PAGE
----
When I went into the Army as a Military Policeman in 1982, I was issued half a tent, otherwise called “a shelter half”. When I asked what I was supposed to do with half a tent I was told, “Find a buddy that has a matching half.” Together we made a whole tent. When I went into the Maryland Army National Guard some years later – in a Light Infantry unit – I wasn’t even issued half a tent. I was issued two ponchos, one poncho liner and one sleeping bag. When I asked about shelter I was told to make a “hooch” out of a poncho. Then I was told that the sleeping back was optional in the field. “Fight light; freeze at night.” Oh, joy…
But I was intrigued at the same time. A “hooch”? That wasn’t anything I’d learned during my first term of service. What I was taught – first night out – was how to set up a single poncho so as to be unobtrusive, sufficient shelter from precipitation, and not a sail if the wind kicked up. Ever since then I’ve always kept a poncho tightly rolled or folded in my pack anytime I’m heading out hiking, camping, etc. Below I’m going to review several general utility uses for the poncho (besides the obvious rain protection) and how to use one as an emergency shelter.
Now, any sports fan who has ever been at a stadium when the rain started knows exactly what an “emergency poncho” is. It’s a piece of shaped plastic so thin you can see through it and even though it keeps the rain off your skin, it still FEELS like your skin is getting wet. The military issue poncho was a little better… and a little worse. Made of nylon, it was a little bit thicker than those cheap emergency models, but because it was woven it tended to let rain through where it touched you. Campers are familiar with what I mean. Just like inside a tent: if you touch the tent wall in a rain storm, you provide a spot for water to come through. Further, if you didn’t treat your tent properly with a water repellant, you may find yourself enjoying (being sarcastic there) more water than you wanted.
So, while the military issue poncho was certainly a great thing to have, it helped if you did a few things with it. First, keep it clean. Once it gets wet, it will mildew unless you open it up and let it dry completely. Second, treat it with a quality water repellant and let that fully dry before folding or rolling your poncho. Third, if you rip it, DON’T try to sew it for a repair. That seam somehow always finds a way to attract water and is never sewed as tightly as you think it is. This is one of those times when duct tape really does fix everything. Put one piece on the inside and another on the outside. Naturally, if you’re in a forested or woodland environment, it helps to use green “100 mph” tape on the outside.
Now that we have a serviceable poncho, how many uses can we find for it. Plenty since it will take an awful lot of abuse and not complain (provided you do those three things listed above). For the hunter, it serves as a drag mat for pulling your trophy back to your vehicle. For the hiker it serves well to keep you dry in the unexpected rain shower. For the camper it can serve as a sleeping mat to keep you from sleeping directly on the ground. Where I think the poncho really shines is as an emergency shelter.
The two ponchoes I was issued by the infantry were both prepped the same way for storage in my ruck. The hood strings were pulled as tight as I could get them so that I had plenty of string hanging out and a really small hole. Then I folded the hood material over and wrapped it around that hole before wrapping the strings around that to tie it shut. What I ended up with was a water-tight hood opening now serving as the tie-center for my emergency shelter. With the poncho thus prepared, I could use two or three small aluminum or plastic tent stakes and two or three pieces of 550 cord (or bungees) to create my “hooch”.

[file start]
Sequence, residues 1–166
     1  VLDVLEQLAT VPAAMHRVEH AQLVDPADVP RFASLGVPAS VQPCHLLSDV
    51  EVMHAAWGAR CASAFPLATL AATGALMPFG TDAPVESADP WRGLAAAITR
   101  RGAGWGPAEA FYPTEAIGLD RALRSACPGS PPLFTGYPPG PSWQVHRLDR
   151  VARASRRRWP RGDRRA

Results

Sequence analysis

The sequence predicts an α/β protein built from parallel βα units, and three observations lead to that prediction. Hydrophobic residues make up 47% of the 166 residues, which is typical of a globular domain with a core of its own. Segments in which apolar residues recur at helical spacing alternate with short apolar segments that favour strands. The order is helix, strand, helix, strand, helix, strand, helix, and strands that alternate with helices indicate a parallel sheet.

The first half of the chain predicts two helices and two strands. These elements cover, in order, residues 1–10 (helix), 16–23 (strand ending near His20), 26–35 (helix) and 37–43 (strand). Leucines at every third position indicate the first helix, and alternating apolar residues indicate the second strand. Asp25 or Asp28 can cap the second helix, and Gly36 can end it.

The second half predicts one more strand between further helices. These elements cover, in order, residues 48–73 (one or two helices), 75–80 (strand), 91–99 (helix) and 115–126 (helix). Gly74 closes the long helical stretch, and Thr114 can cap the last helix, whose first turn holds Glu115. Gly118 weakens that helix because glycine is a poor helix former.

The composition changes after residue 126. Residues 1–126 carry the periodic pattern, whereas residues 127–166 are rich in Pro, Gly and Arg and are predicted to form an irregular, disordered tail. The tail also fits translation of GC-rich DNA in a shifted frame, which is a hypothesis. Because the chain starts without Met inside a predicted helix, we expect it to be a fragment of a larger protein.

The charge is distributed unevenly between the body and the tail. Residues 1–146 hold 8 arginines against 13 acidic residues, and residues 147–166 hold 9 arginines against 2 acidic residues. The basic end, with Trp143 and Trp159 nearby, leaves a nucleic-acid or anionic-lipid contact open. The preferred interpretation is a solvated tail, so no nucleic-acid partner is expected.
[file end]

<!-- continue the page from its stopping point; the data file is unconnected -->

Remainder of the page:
The hooch, when properly set up, is no higher than your knees. It’s not meant to give you lots of room. It’s meant to give you something to get under to stay dry, a little out of any wind that might exist, and (most importantly) an unobtrusive appearance because – well – noticeable shelters can be a bad thing in the combat field. To get your hooch just right, start by selecting your spot. A flat space might seem ideal, but water puddles in flat areas (because nothing is perfectly flat). So, find a spot that is relatively smooth with just a slight incline to it. You want to set up your hooch with the intention of having your head pointing UP the incline and your feet pointed down.
On both “top” corners, strethc the poncho out and put in your tent stakes. On one of the “bottom” corners, put in a tent stake (if you want). Whatever corners you haven’t staked down, attach 550 cord and tie them off to close trees or bushes. Remember to tie them low – you should have to low-crawl into your hooch. Finally, attach some 550 cord to the hood knot and tie that off to a close tree or bush just higher than your other corner tie-offs. What you get is a low shelter that will run off light rain and redirect water flowing down the incline around your sleeping space.
A few years back at Ft. AP Hill in Virginia, I saw a squad of guys put all their ponchoes together to build a fair sized hooch. It was a little taller than I’d been taught (about waist high) but it had plenty of room underneath and they were quite comfortable. Such a structure has to be carefully planned so that the overlaps of ponchoes all direct water flow to the outside edges in the event of rain, and no one guy is sleeping under the poncho that is steadily filling with water and will eventually collapse onto him.
So, the poncho can definitely be used for more than one purpose. It’s fairly compact when folded / rolled, and doesn’t stick out like a sore thumb in the woods. You can find them online or at virtually any surplus store. Add one to your kit today.